In this study, we measured oxidative stress parameters in 50 persons who presented in alcohol withdrawal state. Then they underwent treatment as usual with benzodiazepines, multivitamin injections and omeprazole. We serially monitored the severity of alcohol withdrawal by a standard scale (CIWA-Ar). Same oxidative stress parameters reassessed during the remission of withdrawal state. We recruited 50 controls who were matched with cases for age and nicotine dependence.

MDA was significantly elevated in alcohol withdrawal and remained higher even after the remission of withdrawal state. Protein carbonyl was significantly elevated after emission of withdrawal state. Glutathione peroxidase was not different during alcohol withdrawal or after remission of alcohol withdrawal. Superoxide dismutase was significantly higher during the withdrawal phase and fell lower than the level in the control-group after remission of withdrawal state. Catalase was significantly lower during withdrawal and was similar to control group after remission of withdrawal state. The levels of oxidative stress parameters studied viz. malondialdehyde, proteincarbonyl, glutathione peroxidase, superoxide dismutase and catalase did not correlate well with the severity of alcohol withdrawal as measured on CIWA-Ar.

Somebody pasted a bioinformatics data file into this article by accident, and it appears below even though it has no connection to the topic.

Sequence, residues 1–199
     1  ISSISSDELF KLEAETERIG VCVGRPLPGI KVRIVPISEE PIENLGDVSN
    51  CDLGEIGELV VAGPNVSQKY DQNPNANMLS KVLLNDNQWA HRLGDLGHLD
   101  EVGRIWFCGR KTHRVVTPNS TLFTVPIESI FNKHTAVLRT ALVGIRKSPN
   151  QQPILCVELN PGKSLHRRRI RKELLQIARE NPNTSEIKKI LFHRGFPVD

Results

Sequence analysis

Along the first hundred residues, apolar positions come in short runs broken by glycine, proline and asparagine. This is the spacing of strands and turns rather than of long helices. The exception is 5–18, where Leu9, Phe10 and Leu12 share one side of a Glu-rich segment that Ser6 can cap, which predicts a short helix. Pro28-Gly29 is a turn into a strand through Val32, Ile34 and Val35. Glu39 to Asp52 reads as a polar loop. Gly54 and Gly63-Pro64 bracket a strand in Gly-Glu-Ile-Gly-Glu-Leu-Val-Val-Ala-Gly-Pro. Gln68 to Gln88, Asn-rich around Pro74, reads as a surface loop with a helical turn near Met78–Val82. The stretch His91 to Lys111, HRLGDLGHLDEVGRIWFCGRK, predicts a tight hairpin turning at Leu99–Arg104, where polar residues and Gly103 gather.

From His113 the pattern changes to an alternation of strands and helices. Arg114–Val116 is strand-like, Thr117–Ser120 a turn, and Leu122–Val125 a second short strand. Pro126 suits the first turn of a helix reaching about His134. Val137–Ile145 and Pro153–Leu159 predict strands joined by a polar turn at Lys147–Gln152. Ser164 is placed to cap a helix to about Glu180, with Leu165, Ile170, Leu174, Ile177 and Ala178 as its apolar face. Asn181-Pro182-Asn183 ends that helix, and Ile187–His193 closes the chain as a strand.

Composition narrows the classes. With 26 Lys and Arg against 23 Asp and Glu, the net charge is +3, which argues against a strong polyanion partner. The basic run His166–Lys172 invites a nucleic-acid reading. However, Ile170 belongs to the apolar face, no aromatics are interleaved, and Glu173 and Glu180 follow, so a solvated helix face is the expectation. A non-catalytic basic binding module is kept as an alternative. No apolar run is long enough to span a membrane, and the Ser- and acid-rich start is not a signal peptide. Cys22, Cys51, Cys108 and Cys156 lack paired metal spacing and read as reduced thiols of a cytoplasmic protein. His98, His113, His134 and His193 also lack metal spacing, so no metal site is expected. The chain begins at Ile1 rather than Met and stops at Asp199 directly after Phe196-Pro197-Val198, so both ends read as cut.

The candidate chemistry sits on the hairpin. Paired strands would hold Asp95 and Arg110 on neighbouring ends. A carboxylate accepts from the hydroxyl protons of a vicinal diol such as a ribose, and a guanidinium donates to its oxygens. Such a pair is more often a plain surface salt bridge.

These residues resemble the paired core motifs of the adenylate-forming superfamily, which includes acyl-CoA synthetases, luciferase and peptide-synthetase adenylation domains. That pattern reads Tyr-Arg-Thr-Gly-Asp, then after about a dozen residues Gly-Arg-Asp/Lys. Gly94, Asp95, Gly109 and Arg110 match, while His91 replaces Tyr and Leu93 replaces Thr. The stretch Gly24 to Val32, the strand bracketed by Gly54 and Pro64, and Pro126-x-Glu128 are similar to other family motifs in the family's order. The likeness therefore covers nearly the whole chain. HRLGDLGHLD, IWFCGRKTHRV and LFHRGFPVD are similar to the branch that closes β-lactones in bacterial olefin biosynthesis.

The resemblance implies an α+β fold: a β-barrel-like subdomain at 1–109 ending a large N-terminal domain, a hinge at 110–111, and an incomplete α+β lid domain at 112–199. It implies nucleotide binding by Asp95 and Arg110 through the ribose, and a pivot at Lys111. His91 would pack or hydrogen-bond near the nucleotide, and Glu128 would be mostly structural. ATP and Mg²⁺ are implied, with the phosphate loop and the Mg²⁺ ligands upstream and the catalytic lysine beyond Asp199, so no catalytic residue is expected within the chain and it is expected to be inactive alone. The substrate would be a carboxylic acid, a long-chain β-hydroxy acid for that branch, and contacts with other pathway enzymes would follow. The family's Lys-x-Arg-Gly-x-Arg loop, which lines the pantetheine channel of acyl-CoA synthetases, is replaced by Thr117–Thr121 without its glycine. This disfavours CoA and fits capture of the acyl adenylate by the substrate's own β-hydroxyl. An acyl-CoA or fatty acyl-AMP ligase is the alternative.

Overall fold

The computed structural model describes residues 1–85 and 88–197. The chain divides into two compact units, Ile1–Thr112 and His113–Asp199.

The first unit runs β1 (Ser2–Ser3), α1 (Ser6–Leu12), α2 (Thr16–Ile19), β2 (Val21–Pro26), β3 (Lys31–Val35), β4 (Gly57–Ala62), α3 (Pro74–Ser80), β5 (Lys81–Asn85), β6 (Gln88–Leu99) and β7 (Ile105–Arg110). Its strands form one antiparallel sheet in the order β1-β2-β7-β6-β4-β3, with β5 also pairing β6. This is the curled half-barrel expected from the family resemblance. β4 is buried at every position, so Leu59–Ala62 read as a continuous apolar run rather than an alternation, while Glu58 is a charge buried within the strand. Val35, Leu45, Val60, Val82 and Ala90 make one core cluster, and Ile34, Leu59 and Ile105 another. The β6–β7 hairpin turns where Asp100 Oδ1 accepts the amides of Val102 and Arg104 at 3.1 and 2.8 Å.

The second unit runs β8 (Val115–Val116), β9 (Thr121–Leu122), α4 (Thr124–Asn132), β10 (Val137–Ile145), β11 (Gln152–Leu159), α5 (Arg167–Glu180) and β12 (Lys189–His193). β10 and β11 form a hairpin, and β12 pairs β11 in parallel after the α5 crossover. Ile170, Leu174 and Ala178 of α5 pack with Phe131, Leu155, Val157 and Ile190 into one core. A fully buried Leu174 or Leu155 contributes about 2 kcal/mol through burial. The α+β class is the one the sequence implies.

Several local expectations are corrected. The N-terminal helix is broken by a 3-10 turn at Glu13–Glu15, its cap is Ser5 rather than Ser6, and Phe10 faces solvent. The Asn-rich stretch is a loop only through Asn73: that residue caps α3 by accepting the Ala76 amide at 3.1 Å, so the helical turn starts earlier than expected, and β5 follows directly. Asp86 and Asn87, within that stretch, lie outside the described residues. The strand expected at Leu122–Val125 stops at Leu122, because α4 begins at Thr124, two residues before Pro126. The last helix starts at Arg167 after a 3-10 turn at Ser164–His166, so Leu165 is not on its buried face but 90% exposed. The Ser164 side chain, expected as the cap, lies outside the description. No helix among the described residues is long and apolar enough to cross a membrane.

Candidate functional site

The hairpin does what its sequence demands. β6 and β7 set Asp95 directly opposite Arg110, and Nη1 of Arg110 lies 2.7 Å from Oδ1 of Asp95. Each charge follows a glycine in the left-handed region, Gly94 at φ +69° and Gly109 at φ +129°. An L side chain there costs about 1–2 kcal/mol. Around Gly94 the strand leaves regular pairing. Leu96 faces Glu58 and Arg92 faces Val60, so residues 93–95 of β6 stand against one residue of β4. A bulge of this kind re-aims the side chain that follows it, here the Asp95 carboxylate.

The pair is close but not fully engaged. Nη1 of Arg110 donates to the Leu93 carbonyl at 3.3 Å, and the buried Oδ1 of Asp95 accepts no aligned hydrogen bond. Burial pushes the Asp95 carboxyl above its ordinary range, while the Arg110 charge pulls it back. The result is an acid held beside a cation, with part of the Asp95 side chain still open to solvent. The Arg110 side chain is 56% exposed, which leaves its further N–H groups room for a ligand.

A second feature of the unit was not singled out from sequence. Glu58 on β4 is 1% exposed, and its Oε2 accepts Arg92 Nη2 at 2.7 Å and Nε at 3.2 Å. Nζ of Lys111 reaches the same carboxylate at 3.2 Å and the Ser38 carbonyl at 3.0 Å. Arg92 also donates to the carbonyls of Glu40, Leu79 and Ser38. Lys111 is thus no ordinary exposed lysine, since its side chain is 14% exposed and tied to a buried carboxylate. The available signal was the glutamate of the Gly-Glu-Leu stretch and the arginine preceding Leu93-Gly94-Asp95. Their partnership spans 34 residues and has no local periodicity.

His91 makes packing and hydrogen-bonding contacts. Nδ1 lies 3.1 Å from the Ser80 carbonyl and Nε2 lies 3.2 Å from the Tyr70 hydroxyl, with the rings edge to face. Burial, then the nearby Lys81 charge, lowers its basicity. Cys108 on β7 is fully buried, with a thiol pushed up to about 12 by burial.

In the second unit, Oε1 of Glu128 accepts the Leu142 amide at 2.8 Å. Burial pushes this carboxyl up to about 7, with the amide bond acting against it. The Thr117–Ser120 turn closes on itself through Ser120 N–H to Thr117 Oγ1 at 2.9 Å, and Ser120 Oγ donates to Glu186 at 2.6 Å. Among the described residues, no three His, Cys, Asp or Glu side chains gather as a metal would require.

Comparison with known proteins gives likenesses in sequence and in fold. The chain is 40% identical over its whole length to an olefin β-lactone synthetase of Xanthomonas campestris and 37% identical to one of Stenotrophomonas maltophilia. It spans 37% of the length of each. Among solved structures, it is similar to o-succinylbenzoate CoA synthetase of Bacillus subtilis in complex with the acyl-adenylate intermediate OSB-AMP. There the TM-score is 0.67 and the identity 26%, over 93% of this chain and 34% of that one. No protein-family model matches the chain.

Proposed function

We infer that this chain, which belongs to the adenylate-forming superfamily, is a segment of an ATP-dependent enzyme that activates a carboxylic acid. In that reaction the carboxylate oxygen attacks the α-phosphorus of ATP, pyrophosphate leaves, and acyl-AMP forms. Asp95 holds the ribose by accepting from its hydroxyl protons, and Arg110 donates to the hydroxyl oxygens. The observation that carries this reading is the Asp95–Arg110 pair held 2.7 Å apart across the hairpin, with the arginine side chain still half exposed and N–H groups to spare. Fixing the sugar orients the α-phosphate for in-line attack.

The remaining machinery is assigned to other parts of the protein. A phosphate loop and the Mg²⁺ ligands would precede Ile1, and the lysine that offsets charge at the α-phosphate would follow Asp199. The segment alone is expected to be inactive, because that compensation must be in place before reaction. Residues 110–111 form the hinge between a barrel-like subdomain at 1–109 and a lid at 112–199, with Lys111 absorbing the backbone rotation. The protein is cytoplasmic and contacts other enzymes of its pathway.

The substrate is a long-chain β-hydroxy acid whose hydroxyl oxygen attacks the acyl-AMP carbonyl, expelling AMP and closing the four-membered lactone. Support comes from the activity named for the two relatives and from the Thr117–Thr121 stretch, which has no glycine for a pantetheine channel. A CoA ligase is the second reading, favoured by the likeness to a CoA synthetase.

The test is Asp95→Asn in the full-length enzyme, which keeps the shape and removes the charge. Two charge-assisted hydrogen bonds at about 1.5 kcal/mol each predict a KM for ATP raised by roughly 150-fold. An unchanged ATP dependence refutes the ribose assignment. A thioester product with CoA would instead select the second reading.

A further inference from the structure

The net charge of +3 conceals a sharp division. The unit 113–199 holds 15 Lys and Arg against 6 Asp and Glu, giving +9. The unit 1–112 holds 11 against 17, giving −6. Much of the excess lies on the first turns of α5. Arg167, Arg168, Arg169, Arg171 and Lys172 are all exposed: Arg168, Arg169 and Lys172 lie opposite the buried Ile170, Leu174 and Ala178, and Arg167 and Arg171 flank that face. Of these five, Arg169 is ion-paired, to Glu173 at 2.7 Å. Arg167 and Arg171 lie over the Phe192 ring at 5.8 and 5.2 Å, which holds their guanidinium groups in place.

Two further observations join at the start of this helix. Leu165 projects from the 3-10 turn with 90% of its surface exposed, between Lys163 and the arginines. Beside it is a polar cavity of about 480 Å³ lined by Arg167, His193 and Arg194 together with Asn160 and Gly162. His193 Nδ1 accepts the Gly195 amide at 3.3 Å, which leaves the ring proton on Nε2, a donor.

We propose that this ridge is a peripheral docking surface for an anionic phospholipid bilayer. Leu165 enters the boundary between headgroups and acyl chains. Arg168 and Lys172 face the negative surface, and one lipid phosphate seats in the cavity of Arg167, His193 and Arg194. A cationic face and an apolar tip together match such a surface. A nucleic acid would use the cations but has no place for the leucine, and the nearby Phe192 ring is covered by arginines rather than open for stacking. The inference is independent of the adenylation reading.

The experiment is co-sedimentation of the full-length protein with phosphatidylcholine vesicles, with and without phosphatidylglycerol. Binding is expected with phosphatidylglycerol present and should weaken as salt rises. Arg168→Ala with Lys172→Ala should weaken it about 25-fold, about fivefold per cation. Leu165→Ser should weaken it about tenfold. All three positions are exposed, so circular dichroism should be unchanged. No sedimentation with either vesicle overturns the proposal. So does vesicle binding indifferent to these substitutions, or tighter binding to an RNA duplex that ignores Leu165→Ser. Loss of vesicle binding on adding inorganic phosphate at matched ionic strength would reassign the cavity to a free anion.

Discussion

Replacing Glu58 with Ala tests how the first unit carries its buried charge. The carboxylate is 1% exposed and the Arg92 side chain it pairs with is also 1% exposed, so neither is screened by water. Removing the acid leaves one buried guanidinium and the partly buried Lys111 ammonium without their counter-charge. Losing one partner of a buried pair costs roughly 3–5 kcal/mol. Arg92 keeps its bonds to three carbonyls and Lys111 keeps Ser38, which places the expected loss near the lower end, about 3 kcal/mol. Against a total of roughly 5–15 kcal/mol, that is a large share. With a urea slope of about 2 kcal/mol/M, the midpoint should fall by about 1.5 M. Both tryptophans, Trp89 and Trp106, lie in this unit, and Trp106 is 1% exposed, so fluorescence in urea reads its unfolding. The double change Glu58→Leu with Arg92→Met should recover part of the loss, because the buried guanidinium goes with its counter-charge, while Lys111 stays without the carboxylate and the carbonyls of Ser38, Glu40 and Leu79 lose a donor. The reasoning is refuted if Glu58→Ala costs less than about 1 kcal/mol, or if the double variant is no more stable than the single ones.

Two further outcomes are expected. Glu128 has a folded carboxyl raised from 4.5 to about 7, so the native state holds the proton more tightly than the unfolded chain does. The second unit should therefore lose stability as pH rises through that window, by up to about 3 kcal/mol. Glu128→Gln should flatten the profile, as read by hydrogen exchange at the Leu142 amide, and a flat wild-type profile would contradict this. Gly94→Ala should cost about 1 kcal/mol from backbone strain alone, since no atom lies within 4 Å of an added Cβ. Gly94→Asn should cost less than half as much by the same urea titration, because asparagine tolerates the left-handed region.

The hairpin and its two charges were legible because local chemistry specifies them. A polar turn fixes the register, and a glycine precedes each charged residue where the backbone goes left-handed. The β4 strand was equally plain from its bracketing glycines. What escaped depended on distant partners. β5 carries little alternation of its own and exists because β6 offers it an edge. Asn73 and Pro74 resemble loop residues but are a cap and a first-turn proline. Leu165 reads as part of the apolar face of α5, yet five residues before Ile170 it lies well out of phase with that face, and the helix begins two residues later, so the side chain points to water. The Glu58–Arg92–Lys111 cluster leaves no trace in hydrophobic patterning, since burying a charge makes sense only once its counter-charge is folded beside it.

In the present study, we found that plasma MDA was significantly elevated in alcohol withdrawal state. This finding has been consistently reported by previous studies. [3],[4],[5],[6],[7] We did not find association between MDA level and severity of alcohol withdrawal which is in contrast with previous reports. [6],[7] Many studies have also compared MDA during active use of alcohol and after abstinence is achieved. The usual trend seems to be that MDA is high during active alcohol use and gradually decreases over time during an abstinence period. [13],[14] We saw the same trend but during this small period of observation it did not decrease significantly during the remission of the withdrawal symptoms.